Sorta gives new meaning to “Well, blow me down,” huh? (Har, har, har.)
Anyway, it turns out that the Whiffle Bird can escape anything. Boxes. Being buried alive. Death. It also grants anyone luck if you rub its head. The bird had taken a liking to the chagrined Castor. However, he’s not blind to the bird’s multiple benefits, so he does what any right-thinking man would do: he’s gonna go gambling!
Booze, gambling, sex problems: see this is why classic Thimble Theatre is so great.
Castor ropes Ham into his little scheme. His plan is to make it to Dice Island, for a profitable day of gambling and riches beyond his wild imagination. (I should point out that the Great Depression would officially kick off October of 1929, so Castor’s easy get-rich-quick scheme is a fantasy story ahead of its time.) After ditching Olive (or so he thinks), Castor gets a boat and hires a sailor to run a boat to get there. You know what comes next. Cue the hornpipes!
Almost immediately, Popeye establishes himself as the alpha male, especially where Olive is involved. She snipes at him about his looks. (And yes, for all those hacky jokes by two-bit comedians about how malformed Popeye looks, he’s pretty much intended to be that way.) Popeye don’t care. It rolls off his back (and he makes a similar observation about Olive’s feet, though more innocently).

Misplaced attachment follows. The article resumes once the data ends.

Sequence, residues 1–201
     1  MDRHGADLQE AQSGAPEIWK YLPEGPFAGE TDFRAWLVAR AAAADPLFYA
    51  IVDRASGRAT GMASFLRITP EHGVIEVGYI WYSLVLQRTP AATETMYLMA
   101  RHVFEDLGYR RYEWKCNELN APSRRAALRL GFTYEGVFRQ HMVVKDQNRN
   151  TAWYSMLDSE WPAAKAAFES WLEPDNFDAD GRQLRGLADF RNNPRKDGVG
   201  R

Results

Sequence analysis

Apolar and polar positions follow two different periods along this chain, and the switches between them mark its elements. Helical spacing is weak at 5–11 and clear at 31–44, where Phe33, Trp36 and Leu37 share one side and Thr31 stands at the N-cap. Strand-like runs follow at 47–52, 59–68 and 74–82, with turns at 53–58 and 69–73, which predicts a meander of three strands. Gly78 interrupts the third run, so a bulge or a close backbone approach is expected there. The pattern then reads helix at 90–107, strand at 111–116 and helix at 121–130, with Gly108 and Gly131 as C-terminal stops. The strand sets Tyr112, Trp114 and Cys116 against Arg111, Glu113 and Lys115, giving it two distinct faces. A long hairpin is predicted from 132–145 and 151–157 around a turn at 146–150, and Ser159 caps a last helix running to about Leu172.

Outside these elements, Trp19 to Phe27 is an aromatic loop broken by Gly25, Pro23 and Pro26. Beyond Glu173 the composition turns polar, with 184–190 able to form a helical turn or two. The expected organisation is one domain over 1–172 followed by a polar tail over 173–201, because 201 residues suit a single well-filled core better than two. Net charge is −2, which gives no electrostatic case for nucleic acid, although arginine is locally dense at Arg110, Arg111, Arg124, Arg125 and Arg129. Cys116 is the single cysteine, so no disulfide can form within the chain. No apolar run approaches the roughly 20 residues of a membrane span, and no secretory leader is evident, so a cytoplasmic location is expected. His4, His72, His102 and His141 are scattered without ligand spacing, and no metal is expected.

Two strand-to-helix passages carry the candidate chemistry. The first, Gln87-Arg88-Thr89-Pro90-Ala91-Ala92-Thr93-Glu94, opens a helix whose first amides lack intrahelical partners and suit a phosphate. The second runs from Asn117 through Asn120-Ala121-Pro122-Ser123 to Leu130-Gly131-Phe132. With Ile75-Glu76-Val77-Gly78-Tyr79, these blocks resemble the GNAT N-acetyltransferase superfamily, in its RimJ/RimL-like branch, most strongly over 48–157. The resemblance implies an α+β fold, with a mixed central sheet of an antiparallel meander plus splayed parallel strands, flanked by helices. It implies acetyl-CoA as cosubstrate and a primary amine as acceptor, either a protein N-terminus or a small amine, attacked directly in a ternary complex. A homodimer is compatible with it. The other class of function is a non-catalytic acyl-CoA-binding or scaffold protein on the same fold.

But this is what Popeye is: he is the baddest mofo on the Seven Seas.
See that? He gets shot sixteen times — SIXTEEN TIMES! — and Popeye shrugs it off like it were no deal. It’s one of the most stone-cold moments in comic strips ever. Storywise, it’s because Popeye’s been hogging up the Whiffle Bird’s luck, stroking its head so much that he’s been granted nigh invincibility. Eventually, though, Popeye and his superhuman strength would be integral to his character, which would be augmented by a greeen, fiber-rich vegetable.
This is pretty much where Olive’s attraction to Popeye begins, where she muses that she’d kiss him is he weren’t so darned ugly. Ham might as well send his bags packing now. I imagine he’s hanging out with Bondo over at the bar filled with Olive’s former beaus.
Seriously, what the heck is it about Olive that makes men want to crawl back to her? I can’t be the looks … or the personality. At least with a salty sailor like Popeye, you know the dude is going to be faithful… but he ain’t going to get all mopey, neither.
I always figured the guy deserved way better than Olive, though.
That was supposed to be the end of Popeye … but readers had taken such a liking to the character that Segar brought him back. From that point on, Thimble Theatre became a new strip. We were introduced to Swee’Pea (Popeye’s adopted baby), Popeye’s rival Bluto, hamburger-lover J. Wellington Wimpy, Poopdeck Pappy, The Sea Hag, Alice the Goon, and Eugene the Jeep … the latter being the likely origins for the name of the motor vehicle called the “jeep“.
A lot of comic strip and cartoon characters have starred in movies. However, how many can claim the legendary Robert Altman as director? Because that’s who directed the (really weird) Popeye movie.
And, as if you need any further reason as to why Popeye is awesome, I direct you to this Fleischer cartoon:
So let’s overlook the casual racism for a second, which is something you have to deal with for any cartoon of the era anyway. This is a cartoon where Olive Oyl dances with pots on her feet. This is also a cartoon where Popeye punches Bluto so hard he LAUNCHES HIM INTO ORBIT … and then, for good measure, wallops him when he gets back to Earth.
Michael Bay only wishes that his fight scenes were this over the top.